“Genghis Grimtoad” was serialised in STRIP, its remaining episodes completed after the title was cancelled for The Chronicles of Genghis Grimtoad graphic novel, re-published in Europe by Splitter-Verlag as Chroniken von Genghis Grimtoad.
Some later Marvel UK-created superhero strips also enjoyed publication in Europe thanks to Marvel Italia and others – and a few strips even enjoyed longer runs than their Marvel UK originals, as we’ve noted here on our “Genesis 1992” page where known.
I have vague memories of some European strip, including The Towers of Bois-Maury (Les Tours de Bois-Maury, by Hermann) originally published in 1985 in the UK by Titan Books, being considered for the line-up of Meltdown, another short-lived anthology from Marvel I edited that was wholly reprint, alongside the weekly HAVOC.
Both HAVOC and Meltdown were instigated by incoming Editorial Director Paul Neary and launch in mid 1991. HAVOC ran for just nine issues, reprinted a variety of Marvel strips including Deathlok, Conan the Barbarian, Star Slammers and more.
We discussed using European strips in the monthly companion title Meltdown, but my feeling was that despite my admiration for both “Storm” and “Thorgal”, their inclusion in STRIP hadn’t proved as popular with most readers as other elements, so Paul went instead with material that would have sat comfortably in the pages of 2000AD, instead.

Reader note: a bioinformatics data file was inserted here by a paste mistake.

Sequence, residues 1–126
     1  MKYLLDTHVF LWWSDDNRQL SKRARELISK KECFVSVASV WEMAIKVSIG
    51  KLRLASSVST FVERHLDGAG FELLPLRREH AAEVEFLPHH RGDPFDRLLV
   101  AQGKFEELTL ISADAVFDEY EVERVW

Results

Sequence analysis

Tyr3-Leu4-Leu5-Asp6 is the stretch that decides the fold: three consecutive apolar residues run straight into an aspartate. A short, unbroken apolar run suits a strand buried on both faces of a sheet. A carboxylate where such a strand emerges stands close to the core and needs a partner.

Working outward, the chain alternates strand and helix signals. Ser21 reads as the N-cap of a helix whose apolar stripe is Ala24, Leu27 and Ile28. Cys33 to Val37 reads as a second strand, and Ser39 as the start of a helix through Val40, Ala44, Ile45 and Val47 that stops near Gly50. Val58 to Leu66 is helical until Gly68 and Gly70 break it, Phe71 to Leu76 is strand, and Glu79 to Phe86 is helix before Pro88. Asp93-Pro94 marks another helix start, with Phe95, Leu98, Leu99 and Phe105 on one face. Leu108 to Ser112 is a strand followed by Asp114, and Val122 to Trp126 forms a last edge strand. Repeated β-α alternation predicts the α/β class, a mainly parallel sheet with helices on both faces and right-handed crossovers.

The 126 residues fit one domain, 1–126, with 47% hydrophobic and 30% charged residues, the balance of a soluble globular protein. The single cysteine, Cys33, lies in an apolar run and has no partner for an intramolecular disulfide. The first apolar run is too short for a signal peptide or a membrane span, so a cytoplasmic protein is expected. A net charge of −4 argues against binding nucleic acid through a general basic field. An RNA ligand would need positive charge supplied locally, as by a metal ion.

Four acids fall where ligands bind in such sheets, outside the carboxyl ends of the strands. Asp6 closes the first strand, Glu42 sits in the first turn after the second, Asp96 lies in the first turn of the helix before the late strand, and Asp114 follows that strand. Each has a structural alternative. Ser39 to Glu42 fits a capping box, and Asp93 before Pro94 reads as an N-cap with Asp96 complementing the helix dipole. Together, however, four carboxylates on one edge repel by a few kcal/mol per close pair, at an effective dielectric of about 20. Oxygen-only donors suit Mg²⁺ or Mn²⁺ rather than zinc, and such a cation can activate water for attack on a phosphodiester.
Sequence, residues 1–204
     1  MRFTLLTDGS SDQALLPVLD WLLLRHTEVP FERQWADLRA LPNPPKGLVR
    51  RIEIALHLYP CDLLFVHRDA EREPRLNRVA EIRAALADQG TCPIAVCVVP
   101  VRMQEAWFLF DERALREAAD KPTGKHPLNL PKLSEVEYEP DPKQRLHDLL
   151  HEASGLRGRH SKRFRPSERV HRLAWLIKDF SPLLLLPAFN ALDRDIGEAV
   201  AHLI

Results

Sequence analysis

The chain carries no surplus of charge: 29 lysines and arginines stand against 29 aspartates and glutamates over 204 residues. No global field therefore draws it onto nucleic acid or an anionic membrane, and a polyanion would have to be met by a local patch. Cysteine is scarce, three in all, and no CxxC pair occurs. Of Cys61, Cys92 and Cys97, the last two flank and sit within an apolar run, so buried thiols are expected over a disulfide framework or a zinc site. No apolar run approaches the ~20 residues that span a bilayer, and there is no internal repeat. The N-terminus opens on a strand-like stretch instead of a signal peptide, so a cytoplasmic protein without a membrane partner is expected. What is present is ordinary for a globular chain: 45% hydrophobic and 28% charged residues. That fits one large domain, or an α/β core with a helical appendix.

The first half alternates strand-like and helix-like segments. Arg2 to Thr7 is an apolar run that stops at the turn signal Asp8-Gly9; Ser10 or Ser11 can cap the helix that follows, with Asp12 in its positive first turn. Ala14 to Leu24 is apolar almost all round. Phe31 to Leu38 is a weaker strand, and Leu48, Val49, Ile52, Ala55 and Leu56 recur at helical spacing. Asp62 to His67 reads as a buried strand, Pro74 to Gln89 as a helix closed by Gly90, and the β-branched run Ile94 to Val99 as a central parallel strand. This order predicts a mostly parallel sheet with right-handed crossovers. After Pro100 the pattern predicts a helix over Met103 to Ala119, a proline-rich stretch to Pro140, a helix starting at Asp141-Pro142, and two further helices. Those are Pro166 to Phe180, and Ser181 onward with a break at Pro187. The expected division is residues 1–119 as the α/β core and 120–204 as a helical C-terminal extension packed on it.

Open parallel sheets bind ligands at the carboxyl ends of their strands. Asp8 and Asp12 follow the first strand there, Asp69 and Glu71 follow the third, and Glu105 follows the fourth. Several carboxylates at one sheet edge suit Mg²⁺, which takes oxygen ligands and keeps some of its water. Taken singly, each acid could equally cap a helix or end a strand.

(Let’s just skip over the fact that had Meltdown and Marvel UK survived, Akira might still not have completed its reprint run at around eight pages a month).
Ultimately, Meltdown, which lasted just six issues, reprinting The Light and Darkness War by Tom Veitch and Cam Kennedy, Arthur Suydam’s Cholly and Flytrap, The Last American by John Wagner, Alan Grant and Mike McMahon, Akira, and Clive Barker’s Nightbreed, by Grant, Wagner and Jim Baikie, plus various articles on music and computer games and features on comic creators such as John Bolton.
Unknown to the buying public, while both titles didn’t do too badly by today’s standards in terms of sales, they were actually road tests for what Paul Neary really had planned for Marvel UK’s adventure and superhero comics, trying out two formats to see what did better on the UK news stand.
(In a way, looking back, think they were tests for me, too, to see if Paul could put up with me working alongside him as an editor).
Both titles proved short-lived, cancelled without warning to readers, even though Issue 10 of HAVOC was trailed in the final issue (cheating fans to the “cataclysmic conclusion” to Star Slammers, for example). As Jon Carpenter notes here on Starlogged, the last issue of Meltdown was used as part of promotions to plug the launch of the Genesis 1992 project.
Reaction to HAVOC paved the way for the fortnightly comic Overkill, which I also edited, reprinting many Genesis 1992 stories as well as some originated material, including an insane schematic of Mys-TECH Headquarters realised by Vincent Danks.
I’m looking forward to seeing just how much European material gained a British news stand airing when Rob Kirby‘s book on Marvel UK is finally published. Meanwhile, I’d highly recommend checking out Richard’s Boys Adventure Comics blog, Michael Carroll’s Rusty Staples and Jon Carpenter’s Starlogged sites for other posts on this subject.